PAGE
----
The recent significant rains in the Midlands and the South have given spring crops the best of starts . Uncertainty will centre around the spring oat acreage as this will hold one of the keys to the direction of the 2014 market.

The old crop market is all but played out and carry-over tonnages are expected to be only slightly above the five year average.

There are no firm values for new crop as millers watch the state of the crops and remain relaxed.



The old crop bean market seems to have been concluded, demand is sporadic and values appear to be weakening.


New crop human consumption demand would seem to be overvalued, according to end users. It would seem that there is plenty of stock in Egypt to cover the expected increase in usage for Ramadan, so we would not expect to see much demand now until new crop.


Canada is expected to produce an exportable commercial crop of human consumption beans for the second year running. This should be available for export during December/January and will compete with UK/French and Australian crops. Values being indicated at present would suggest  European crop premiums will fall but this is obviously all subject to quality.

We are still open to contract peas for 2014 harvest, please contact you Farm Trader for details.


Feed Barley


A quiet market for old and new crop barley, as values continue to follow the general trend of the overall wheat market.

Whilst old crop supply still feels tight, this week has seen more of a seller-heavy market across the UK.

Favourable rainfall across the key growing regions of Europe have aided developing barley crops; northern German crops are looking particularly well.

There has been little fresh significant news though to influence the new crop discount to wheat. Domestic consumer demand remains limited, as has been farmer selling.


Malting Barley 


Old crop demand continues to decline, although there are some pockets of demand for 1.85 springs into East Anglia for Tipple and Propino varieties.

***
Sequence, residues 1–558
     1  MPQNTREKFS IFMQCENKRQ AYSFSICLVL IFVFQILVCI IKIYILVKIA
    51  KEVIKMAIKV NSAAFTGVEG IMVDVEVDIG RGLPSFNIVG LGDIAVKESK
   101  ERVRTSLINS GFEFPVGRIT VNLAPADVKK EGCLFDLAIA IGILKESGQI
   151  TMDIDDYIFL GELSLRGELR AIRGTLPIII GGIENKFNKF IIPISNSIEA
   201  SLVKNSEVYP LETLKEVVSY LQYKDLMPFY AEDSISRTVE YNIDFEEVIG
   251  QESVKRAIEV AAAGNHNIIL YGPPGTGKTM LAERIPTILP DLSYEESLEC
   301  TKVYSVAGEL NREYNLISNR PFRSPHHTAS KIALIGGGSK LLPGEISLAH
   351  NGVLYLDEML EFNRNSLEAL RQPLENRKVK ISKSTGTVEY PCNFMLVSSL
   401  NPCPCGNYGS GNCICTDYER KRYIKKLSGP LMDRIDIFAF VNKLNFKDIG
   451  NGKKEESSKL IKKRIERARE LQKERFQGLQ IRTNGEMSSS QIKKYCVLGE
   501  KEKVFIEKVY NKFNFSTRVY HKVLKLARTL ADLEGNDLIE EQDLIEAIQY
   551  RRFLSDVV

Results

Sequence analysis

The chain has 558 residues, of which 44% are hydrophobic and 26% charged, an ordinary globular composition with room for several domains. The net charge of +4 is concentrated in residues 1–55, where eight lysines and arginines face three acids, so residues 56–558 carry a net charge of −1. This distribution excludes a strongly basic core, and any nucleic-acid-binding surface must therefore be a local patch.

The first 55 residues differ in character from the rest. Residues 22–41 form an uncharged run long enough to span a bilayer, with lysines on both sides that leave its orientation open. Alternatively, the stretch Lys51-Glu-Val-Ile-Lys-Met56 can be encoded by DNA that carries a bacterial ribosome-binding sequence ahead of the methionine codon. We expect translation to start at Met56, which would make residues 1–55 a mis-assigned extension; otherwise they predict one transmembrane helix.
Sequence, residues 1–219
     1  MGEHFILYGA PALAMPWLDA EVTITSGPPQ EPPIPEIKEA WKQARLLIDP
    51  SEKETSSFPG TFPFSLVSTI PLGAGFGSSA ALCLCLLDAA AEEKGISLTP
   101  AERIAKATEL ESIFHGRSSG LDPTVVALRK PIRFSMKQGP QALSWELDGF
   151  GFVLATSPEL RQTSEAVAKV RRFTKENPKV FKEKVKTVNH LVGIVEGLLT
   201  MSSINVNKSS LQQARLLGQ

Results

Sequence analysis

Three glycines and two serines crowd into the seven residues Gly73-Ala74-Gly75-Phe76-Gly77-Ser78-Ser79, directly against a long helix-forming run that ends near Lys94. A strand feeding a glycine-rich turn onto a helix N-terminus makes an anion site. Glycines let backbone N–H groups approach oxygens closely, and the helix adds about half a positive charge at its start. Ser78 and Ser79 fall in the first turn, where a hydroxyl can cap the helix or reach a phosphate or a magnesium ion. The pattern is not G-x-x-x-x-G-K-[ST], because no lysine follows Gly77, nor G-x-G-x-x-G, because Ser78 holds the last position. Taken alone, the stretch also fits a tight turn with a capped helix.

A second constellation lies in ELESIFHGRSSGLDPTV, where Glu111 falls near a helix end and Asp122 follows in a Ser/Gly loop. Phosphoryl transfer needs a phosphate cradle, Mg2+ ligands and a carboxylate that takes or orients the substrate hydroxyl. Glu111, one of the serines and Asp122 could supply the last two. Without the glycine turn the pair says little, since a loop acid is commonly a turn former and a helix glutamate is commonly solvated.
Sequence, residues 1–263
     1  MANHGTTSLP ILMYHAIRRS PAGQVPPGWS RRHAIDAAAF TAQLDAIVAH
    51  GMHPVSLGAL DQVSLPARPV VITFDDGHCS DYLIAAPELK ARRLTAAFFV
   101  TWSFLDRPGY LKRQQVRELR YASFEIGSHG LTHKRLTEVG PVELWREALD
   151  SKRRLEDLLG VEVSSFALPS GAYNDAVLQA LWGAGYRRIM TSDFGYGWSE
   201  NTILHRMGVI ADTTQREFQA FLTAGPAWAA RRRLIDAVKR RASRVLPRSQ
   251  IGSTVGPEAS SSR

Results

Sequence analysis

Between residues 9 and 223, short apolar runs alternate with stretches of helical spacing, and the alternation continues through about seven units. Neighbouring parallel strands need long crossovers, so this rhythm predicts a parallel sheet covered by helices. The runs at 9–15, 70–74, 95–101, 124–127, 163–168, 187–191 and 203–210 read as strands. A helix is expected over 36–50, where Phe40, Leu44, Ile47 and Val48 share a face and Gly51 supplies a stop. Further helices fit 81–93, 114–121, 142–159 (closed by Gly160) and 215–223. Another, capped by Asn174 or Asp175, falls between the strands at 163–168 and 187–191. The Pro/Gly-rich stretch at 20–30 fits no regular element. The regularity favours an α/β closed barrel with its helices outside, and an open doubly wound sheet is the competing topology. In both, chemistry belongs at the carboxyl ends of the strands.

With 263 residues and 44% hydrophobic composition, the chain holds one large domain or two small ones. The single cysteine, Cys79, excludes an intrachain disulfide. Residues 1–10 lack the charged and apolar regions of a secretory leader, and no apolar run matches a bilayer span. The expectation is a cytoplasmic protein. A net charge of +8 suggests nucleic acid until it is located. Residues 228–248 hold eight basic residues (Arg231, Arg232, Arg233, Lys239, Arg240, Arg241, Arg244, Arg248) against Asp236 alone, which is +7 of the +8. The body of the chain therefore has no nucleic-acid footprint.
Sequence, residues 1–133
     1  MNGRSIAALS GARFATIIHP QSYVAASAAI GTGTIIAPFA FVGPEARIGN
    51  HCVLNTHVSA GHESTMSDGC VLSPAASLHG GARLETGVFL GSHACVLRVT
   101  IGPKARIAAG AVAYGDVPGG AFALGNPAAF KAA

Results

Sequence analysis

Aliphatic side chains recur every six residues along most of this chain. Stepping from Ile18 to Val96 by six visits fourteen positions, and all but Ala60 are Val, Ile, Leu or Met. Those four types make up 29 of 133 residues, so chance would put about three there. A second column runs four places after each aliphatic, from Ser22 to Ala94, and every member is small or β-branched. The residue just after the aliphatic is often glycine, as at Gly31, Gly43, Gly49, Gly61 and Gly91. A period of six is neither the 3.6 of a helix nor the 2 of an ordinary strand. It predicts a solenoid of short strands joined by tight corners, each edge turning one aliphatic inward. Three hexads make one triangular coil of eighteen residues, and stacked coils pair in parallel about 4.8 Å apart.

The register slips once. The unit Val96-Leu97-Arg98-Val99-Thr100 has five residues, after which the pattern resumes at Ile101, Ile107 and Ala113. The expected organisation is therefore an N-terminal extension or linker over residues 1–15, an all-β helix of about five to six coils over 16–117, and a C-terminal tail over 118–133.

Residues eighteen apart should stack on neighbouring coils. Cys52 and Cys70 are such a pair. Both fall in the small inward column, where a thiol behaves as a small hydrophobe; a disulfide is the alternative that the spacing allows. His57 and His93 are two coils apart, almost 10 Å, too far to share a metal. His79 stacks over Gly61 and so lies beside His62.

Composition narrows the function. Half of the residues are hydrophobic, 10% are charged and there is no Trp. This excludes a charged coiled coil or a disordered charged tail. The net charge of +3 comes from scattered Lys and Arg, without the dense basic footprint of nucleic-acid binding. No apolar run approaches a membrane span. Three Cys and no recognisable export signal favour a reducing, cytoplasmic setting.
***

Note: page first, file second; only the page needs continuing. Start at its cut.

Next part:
Domestic crops look favourable, beneficial moisture has fallen for most of the UK, proving beneficial for both winter and spring barleys. However  it has been reported that some parts of East Anglia have repeatedly missed out to date on rain. 

Timely rain has been added to key growing regions in northern France/ southern Germany over the weekend. Further rainfall is forecast this coming weekend.

FOB values decreased on the back of the moisture outlined above - malting barley export values look set to decrease further if the forecast of rain becomes a reality. 

Gleadell still have contract options available for both brewing and distilling markets for crop ’14 across both spring and winter varieties to suit all risk profiles.



The soybean harvest nears completion in Brazil and is progressing in Argentina with good weather forecast for the next few weeks. Traders continue to talk of tight old crop supplies in the US against perceived waning Chinese demand.

Canadian canola prices have weakened with analysts predicting a sizeable increase in new crop plantings when statscan report this week.

The matif rapeseed contract has also weakened for both old and new crop contracts and we feel this is a reflection of what we see in the physical market. In Europe good volumes of seed are offered for most destinations, some crushers are washing out old crop purchases with margins currently poor, if you combine this with the new crop at a €50-60  discount you can understand why we have seen more volume offered. In the UK the old crop market is still very tight but crushers appear fairly relaxed and aren’t willing to chase prices.